The first Qantas A380 superjumbo returned to Australia after almost 600 days of storage in California's Mojave desert.
The plane touched down in Sydney 3.11pm local time after an epic 18 hour, 58 minute, 16,000 kilometre non-stop flight from Dresden, Germany, where the giant aircraft underwent maintenance and had new landing gear installed.
For everyone following along, our friends at EFW captured VH-OQB's take off from Dresden 😍 pic.twitter.com/80Uen2XKv6— Qantas (@Qantas) November 8, 2021
Qantas has brought forward the return of its A380s fleet several times since the relaxation of borders were announced. Chief executive Alan Joyce previously predicted the aircraft would not fly again for the airline until 2023.
Strong demand for flights to the US and UK have seen the airline bring forward the return of the A380s to service to April 2022, when two superjumbos will resume Sydney-Los Angeles flights.
Three more will re-enter service on the London route from July 2022. This was previously not expected to happen until November next year.
"That shows the confidence we have in getting our flagship aircraft back in the air," Mr Joyce said last week.
The first A380 to arrive is named Hudson Fysh, after one of Qantas' founders. The early return to service of the world's largest passenger jet offers a new lease on life for the superjumbos, which have fallen out of favour with airlines in recent years as smaller and more efficient aircraft such as the Boeing 787 Dreamliner and Airbus A350 became more popular options.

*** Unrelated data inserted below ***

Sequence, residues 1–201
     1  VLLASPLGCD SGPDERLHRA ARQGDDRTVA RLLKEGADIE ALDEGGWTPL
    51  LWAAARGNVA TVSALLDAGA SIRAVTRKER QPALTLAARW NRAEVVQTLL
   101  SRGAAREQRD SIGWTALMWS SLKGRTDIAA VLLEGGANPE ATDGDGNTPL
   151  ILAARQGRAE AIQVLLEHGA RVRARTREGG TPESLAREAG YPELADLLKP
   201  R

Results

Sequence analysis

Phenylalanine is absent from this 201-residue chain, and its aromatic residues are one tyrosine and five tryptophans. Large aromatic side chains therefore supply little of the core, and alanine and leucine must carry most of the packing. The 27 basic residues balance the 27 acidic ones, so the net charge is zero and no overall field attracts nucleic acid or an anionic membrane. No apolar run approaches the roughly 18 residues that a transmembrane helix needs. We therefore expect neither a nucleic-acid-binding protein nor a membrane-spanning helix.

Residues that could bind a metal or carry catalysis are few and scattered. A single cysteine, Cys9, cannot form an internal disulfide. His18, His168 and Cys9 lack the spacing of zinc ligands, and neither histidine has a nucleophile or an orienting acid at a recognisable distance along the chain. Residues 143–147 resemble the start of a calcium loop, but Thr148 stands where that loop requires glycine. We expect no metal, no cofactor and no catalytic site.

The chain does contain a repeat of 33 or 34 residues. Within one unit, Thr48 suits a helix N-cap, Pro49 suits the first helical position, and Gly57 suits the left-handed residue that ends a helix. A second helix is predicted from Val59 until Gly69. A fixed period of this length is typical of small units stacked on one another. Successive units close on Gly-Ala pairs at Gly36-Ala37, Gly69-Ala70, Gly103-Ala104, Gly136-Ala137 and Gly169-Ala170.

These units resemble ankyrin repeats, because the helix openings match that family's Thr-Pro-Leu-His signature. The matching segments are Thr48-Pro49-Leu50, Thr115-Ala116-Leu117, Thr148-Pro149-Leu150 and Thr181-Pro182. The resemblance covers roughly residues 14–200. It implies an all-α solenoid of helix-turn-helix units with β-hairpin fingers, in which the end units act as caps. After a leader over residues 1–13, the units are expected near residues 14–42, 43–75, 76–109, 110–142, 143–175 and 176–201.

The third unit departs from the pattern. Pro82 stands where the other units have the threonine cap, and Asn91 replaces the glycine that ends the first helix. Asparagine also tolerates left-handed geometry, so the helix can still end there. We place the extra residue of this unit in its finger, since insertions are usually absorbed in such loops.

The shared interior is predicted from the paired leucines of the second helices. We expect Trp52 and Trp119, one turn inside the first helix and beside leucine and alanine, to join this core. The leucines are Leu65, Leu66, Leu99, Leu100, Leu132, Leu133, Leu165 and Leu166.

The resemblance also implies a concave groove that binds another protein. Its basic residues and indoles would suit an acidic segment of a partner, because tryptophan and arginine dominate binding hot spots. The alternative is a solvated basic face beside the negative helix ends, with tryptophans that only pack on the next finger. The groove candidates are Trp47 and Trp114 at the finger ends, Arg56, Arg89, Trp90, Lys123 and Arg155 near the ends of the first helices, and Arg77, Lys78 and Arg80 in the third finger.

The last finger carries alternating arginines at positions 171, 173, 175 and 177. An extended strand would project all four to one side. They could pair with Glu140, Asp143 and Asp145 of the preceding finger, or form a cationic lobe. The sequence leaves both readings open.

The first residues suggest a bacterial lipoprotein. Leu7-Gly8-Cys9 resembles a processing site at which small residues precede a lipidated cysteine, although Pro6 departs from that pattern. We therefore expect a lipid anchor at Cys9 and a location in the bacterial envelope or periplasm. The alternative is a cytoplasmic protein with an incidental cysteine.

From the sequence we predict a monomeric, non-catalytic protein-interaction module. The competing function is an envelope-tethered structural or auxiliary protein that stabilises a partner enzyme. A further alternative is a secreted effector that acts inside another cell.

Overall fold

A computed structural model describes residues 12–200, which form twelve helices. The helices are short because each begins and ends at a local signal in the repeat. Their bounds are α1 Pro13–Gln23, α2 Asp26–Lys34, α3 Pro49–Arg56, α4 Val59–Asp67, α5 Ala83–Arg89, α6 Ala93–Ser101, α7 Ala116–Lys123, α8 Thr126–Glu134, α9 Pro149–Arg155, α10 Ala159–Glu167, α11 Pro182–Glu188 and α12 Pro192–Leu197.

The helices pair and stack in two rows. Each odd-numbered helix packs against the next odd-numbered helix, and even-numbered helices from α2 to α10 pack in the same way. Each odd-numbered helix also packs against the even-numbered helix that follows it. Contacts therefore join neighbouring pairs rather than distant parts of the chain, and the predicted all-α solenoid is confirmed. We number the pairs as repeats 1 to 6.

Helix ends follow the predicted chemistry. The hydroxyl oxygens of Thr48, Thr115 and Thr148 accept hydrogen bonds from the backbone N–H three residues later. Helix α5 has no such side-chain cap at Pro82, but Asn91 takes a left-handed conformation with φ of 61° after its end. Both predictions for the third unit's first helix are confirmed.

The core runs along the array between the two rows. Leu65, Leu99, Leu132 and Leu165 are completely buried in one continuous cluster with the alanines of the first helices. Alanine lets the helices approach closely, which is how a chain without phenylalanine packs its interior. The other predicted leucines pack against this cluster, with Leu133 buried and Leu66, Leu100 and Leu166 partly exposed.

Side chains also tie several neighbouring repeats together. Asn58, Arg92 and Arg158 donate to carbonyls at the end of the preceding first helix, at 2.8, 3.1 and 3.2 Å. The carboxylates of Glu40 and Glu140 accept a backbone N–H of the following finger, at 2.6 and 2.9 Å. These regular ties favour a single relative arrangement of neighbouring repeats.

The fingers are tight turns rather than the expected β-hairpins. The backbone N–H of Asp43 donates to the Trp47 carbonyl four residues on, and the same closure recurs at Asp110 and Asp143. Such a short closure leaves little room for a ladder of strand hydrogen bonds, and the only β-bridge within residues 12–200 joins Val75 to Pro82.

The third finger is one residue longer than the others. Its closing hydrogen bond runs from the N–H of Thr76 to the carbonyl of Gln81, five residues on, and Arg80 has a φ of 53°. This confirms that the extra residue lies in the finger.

The Qantas A380's 16,000 kilometre flight route from Dresden. Photo: Flightradar24.com
Qantas chief pilot Captain Richard Tobiano said the return of the A380 was symbolic of how quickly demand for international travel had bounced back.
"This aircraft will play a key role in preparing our crew to return to A380 flying operations in the new year," he said.
"Many of our crew have found other jobs during the pandemic doing everything from working in vaccination hubs and hospital wards to driving buses and tractors, and painting houses.
"Over the next few months, pilots will undergo an extensive retraining period including simulator sessions, training flights and classroom courses to prepare for take-off."
Qantas engineers in California faced some unusual challenges maintaining the airline's planes in the Mojave desert, including having to check landing gear for rattlesnakes and scorpions while carrying out inspections.
Qantas A380s in storage at Victorville, Mojave desert.
Several airlines brought forward the retirement of their superjumbos due to the downturn in air travel caused by the pandemic, with speculation Qantas' A380s might never return. While two of the airlines giant planes will be retired, six will return to service in 2022 and a further four the following year.
Several other airlines have recently returned A380s to service, including British Airways and Qatar Airways. Singapore Airlines will bring its A380s back into service on the Sydney-Singapore route from Wednesday, December 1.